The Metaxas Line on the Greek-Bulgarian border was strengthened during the Cold War. [Alexandros Avramidis]

A few meters further on, the hike begins. The final destination is an arcade of Fort Paliouriones, which Savvidis’ team has cleaned and prepared for a guided tour. The trek leads through a lush green forest. We are walking on a hill opposite Fort Roupel. At the time of the Second World War all these mountains were cut bare to increase the army’s visibility. Savvidis describes the difficult days before the invasion of the German army. “There were not many soldiers because most of them were fighting the Italians on the Albanian front. Here, most were reservists, 40- and 50-year-old men from our region. That’s why the areas here had a lot of losses in the war.”

Visitors take photos in front of a cannon poking out of a bunker. [Αlexandros Avramidis]

By exploring and cleaning the galleries, Savvidis had the opportunity to get closer to the soldiers who were serving at the time, discovering real treasures. “We found soldiers’ letters, letterheads, helmets and local newspapers,” he tells us. A moment he still remembers is when he found an edition of the newspaper Fos, dated April 4, 1941. “Only the officers read the newspaper, just enough to know what was going on. This newspaper would have arrived here the next day, April 5. In a few hours, the attack of the German army would begin.”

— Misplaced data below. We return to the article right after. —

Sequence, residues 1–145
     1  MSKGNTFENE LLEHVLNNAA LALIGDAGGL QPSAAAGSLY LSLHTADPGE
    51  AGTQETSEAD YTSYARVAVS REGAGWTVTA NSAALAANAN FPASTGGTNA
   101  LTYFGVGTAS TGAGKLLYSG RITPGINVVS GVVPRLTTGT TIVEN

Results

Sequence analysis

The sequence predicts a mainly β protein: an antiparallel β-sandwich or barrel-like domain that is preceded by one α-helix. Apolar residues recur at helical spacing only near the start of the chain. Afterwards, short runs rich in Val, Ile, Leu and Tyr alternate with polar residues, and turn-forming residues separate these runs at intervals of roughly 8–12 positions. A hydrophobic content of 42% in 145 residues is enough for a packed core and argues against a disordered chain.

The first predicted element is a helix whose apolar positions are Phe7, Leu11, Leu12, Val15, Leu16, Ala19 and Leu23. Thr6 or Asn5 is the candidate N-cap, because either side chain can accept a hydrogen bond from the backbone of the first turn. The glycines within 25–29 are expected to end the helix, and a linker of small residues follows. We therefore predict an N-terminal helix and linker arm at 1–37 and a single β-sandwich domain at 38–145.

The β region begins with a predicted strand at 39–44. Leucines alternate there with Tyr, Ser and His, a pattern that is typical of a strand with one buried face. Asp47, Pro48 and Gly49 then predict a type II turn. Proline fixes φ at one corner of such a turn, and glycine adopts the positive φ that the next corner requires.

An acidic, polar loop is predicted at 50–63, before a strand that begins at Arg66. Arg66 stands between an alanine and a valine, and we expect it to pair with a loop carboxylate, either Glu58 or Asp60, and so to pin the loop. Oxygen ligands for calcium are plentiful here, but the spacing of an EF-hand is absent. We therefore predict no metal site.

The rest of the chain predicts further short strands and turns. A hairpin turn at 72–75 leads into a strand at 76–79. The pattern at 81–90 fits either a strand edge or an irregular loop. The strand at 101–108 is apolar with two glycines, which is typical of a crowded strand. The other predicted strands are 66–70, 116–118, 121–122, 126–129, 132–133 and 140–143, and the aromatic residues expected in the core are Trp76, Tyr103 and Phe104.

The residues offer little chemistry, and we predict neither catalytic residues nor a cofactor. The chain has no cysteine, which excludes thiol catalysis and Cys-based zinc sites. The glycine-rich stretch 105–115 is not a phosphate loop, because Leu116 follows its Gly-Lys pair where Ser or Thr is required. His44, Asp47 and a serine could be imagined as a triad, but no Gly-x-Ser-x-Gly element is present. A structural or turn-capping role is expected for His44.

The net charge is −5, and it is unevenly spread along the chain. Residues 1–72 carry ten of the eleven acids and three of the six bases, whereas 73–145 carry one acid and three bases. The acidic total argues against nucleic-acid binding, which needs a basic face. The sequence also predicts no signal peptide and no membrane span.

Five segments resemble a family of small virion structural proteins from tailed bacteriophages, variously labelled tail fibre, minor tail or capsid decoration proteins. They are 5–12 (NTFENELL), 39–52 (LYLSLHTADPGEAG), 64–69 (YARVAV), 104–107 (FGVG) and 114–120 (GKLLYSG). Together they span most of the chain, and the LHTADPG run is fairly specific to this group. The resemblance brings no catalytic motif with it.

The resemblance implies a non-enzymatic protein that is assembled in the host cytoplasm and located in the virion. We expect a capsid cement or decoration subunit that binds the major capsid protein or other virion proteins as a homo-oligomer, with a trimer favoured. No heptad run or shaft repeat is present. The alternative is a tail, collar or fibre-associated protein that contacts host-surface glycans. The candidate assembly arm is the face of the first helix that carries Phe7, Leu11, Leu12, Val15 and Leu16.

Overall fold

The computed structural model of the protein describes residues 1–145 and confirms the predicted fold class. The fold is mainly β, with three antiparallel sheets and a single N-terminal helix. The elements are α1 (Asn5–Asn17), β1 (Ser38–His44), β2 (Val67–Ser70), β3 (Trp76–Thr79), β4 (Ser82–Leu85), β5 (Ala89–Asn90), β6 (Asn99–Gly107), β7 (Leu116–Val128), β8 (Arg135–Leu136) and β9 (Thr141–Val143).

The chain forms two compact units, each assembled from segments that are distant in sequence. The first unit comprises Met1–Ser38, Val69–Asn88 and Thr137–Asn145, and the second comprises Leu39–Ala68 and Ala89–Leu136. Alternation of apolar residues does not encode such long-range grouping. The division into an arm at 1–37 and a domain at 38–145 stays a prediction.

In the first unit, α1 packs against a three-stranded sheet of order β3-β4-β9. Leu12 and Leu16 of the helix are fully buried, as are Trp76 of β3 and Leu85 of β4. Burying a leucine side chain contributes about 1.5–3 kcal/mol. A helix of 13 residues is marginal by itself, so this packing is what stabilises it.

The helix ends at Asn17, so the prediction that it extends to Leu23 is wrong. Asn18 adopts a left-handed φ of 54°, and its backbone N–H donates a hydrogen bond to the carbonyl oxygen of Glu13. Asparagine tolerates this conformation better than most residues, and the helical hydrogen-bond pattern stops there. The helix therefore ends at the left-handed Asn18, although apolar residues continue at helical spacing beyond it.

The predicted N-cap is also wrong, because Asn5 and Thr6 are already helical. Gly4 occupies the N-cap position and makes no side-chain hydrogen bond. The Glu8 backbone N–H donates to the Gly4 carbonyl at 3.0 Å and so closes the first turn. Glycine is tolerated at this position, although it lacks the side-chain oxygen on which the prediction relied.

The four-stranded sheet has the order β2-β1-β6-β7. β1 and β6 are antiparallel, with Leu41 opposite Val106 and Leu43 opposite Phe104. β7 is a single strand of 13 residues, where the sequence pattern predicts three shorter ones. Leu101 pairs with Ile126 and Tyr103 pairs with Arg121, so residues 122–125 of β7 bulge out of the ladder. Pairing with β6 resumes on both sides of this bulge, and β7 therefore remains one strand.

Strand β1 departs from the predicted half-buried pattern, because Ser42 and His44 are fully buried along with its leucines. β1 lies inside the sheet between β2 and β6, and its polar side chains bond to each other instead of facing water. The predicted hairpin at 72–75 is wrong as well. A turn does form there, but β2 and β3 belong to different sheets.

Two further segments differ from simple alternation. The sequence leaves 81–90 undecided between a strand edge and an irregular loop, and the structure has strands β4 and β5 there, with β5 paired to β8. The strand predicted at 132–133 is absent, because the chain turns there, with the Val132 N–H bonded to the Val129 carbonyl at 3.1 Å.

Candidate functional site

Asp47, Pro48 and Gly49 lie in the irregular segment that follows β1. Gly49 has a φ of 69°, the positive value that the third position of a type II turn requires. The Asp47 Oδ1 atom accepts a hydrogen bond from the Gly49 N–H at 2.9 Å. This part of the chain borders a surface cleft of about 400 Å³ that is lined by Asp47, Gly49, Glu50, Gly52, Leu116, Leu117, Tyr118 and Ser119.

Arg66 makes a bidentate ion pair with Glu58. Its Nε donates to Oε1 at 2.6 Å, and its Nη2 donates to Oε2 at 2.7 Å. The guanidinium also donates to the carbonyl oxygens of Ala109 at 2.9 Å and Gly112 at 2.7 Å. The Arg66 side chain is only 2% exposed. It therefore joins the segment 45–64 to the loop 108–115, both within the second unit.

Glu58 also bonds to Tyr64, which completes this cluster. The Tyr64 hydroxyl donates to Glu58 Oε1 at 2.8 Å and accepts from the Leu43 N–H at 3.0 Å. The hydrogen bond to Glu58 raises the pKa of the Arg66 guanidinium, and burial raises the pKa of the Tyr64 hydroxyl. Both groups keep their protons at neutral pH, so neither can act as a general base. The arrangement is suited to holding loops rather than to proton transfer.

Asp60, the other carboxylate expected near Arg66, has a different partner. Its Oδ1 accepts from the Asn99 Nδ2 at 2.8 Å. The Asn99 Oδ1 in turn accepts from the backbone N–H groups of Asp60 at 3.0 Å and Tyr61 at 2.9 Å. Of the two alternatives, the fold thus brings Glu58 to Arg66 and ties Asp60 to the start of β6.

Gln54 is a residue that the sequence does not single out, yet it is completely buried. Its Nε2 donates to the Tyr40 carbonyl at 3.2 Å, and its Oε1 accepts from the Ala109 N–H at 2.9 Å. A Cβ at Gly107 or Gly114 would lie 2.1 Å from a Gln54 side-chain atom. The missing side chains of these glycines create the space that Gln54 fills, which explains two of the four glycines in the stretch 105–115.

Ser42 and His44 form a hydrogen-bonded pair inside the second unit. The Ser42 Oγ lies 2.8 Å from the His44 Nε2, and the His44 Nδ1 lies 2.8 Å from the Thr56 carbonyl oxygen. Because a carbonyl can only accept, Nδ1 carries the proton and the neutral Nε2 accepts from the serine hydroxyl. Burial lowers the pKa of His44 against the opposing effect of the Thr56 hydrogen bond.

“Paliouriones and Roupel kept the straits impregnable and the Germans didn’t come down,” he says, trying to orientate the visitors as to the location and the historical importance of where we are. In the middle of the mountain the visitors observe an anti-tank line, made of Peloponnese Railway tracks. Savvidis points to the bullet holes in some of them, as well as the year of their construction: 1898. The line was built to obstruct enemy tanks, so as to give Roupel time to target them. “Many battles took place here,” he says.